Time Management Expert, Event Speaker: Mark Lamendola

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Productivity Knowledge Base: Myths That Undermine Productivity

  1. "I need to figure out how to get my people to work harder." Wrong. You need to provide them with the training, tools, procedures, and coaching they need to work smarter.
  2. "Multitasking is the answer." Wrong. In fact, multitasking usually reduces productivity. One reason each part of the brain can do only one thing at a time. Dividing its attention between two tasks adds transaction times--and delays. Another reason is we tend to do two things poorly if we don't focus--we see this all the time when people are driving and using their cell phones. Bruce Lee's famous one-inch punch came from focus, not multitasking.
  3. "More sophisticated tools will raise productivity." Maybe, maybe not. If the tools are too hard to use (or the users just find them that way due to lack of training or whatever), productivity will suffer. Consider what happens when you automate a bad accounting system--you just get errors faster. Or, an electrician buys a sophisticated meter and doesn't learn its functions--no advantage.
  4. "Sticking to simple tools will raise productivity, because people can do their jobs instead of learning how to use and maintain fancy tools." Maybe, maybe not. If the tools take more time for the user to do the same work that could be done with a better tool, productivity will suffer. Consider what would happen if a big electrical contractor replaced its power conduit benders with manual ones--not a pretty sight. Or, an electrician tries to track down a problem using a simple voltage tester rather than a DMM with recording features.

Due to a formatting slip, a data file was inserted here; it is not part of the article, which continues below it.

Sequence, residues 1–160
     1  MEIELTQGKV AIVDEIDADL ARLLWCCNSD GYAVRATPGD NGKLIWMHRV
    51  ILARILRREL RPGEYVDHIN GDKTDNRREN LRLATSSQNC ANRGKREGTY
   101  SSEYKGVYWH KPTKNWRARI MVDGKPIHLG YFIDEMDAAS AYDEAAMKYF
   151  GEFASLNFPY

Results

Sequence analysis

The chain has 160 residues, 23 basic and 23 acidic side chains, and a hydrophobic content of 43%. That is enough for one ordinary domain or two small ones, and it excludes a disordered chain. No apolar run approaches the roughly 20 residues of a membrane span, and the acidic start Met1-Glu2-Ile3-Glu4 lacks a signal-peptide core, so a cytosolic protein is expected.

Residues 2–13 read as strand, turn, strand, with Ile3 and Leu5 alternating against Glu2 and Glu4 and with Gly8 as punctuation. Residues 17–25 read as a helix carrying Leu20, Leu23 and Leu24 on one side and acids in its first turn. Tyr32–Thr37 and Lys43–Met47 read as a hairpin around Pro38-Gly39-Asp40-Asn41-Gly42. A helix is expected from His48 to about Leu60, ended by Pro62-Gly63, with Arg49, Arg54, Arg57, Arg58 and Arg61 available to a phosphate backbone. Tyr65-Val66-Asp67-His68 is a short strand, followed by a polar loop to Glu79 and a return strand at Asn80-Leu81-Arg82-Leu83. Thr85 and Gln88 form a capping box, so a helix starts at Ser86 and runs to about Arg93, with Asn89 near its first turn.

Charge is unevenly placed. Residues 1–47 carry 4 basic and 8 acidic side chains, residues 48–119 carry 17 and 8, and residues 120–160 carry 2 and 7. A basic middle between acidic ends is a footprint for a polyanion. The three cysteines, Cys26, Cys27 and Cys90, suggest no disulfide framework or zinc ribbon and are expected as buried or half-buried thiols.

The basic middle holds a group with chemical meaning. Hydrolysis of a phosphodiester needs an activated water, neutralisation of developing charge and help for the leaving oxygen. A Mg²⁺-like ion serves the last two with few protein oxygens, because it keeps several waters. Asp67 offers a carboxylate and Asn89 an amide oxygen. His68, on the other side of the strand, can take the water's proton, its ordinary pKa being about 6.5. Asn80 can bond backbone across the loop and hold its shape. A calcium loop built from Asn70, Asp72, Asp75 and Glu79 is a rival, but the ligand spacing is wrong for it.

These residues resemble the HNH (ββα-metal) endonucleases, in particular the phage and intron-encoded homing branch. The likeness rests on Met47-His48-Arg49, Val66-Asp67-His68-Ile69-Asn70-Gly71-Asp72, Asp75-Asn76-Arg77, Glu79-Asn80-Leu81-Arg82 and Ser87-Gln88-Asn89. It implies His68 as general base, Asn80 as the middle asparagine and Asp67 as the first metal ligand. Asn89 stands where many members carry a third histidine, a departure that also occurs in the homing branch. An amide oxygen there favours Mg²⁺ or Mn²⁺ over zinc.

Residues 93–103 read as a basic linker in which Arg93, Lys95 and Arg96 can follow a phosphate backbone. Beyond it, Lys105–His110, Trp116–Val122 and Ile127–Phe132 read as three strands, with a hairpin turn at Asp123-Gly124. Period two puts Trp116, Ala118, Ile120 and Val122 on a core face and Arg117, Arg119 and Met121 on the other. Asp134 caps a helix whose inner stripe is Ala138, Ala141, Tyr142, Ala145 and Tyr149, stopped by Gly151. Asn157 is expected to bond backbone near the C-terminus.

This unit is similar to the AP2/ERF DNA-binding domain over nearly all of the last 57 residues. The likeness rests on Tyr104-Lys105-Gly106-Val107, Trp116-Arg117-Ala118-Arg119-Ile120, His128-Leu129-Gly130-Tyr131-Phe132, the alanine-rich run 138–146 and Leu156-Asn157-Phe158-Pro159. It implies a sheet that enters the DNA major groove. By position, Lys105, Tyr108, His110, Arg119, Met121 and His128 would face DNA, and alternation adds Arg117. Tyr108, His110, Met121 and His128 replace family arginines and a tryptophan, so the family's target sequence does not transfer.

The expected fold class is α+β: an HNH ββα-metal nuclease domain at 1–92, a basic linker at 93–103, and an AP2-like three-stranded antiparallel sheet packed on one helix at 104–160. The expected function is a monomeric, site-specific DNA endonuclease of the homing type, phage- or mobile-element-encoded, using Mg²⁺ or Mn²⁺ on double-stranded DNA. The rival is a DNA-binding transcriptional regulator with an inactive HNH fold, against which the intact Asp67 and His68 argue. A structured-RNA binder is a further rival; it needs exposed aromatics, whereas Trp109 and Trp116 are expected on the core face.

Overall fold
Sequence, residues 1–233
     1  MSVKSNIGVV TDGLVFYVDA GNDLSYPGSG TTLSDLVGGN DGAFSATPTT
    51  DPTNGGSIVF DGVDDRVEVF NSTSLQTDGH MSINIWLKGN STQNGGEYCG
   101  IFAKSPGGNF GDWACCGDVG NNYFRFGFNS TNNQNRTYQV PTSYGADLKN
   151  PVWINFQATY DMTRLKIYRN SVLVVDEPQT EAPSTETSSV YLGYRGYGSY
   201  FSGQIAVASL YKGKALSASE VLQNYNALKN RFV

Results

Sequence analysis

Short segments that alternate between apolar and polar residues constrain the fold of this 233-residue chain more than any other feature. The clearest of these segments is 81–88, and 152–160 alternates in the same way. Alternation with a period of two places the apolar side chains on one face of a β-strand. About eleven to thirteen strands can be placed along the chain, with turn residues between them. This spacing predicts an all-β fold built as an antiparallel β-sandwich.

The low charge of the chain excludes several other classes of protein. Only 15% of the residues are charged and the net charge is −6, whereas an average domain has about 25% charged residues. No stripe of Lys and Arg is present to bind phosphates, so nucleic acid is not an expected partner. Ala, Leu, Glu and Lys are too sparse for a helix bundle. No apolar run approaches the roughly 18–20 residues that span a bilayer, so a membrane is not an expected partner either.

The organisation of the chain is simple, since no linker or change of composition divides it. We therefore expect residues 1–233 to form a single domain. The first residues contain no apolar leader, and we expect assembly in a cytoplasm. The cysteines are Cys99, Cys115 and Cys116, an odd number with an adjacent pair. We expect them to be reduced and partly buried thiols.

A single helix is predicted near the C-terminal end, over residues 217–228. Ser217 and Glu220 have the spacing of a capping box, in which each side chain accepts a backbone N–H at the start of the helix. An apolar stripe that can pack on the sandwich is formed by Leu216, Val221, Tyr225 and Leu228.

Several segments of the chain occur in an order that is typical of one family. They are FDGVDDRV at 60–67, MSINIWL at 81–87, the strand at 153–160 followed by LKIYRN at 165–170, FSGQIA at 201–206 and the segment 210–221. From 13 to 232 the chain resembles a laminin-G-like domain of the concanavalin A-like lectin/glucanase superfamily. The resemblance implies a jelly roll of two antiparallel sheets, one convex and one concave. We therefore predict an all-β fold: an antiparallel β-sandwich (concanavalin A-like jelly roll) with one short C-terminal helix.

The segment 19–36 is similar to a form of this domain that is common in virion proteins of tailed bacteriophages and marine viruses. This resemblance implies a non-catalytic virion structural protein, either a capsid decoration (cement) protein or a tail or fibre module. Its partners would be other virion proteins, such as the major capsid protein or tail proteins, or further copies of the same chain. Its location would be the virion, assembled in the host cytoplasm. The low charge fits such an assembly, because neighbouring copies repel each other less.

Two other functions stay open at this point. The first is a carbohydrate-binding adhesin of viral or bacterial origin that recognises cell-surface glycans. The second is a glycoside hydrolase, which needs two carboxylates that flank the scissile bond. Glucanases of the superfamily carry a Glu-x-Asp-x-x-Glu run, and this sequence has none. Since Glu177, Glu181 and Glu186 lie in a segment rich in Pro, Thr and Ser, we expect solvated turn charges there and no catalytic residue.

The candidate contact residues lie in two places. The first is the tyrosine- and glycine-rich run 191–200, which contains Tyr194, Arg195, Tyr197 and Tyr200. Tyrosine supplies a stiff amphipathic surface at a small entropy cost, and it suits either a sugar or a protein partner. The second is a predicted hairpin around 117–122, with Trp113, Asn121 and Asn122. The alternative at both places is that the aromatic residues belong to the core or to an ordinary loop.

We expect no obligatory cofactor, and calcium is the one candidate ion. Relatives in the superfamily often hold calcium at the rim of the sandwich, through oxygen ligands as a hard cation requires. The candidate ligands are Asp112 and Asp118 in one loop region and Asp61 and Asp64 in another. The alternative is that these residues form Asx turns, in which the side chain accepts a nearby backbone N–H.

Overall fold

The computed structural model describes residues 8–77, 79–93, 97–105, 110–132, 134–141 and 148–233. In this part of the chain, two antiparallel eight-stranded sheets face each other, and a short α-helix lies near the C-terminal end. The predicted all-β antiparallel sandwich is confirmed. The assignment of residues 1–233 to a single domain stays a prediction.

5. "Some people are naturally better workers than others. The key to productivity is hiring the right people." Hiring is important, but even good hiring decisions can't make up for poor management, poor tools, minimal training, poor procedures, and other failures.
  6. "The answer is putting new workers with senior workers, so they get the right OJT." Wrong. Time on a job has nothing to do with competency in that job. Some people learn for a month, then have one month's experience a dozen times a year for the next twenty years. Many "experienced" workers have bad habits they simply pass on to younger workers. That said, senior workers often have knowledge training typically doesn't provide. A good approach is involve those senior workers in developing specific training that builds on their experience, while also involving them in the new training.
  7. "I don't have the money to invest in productivity training." Wrong. While training incurs some cost up front, not training incurs enormous costs later. If you spend one hour training a crew  how to do wire pulls (this is a case where you can utilize the experience of the senior person), that is much cheaper than paying that same crew a day's wages to fix a wire pull gone wrong.



Do you want to radically improve how well people in your organization make use of the limited number of hours in each work day?

Contact me to arrange a time when we can talk about a presentation: mark@mindconnection.com. Why arrange a time? So I can give you full attention during the call. There's a really powerful time management tip. Ask me why it works.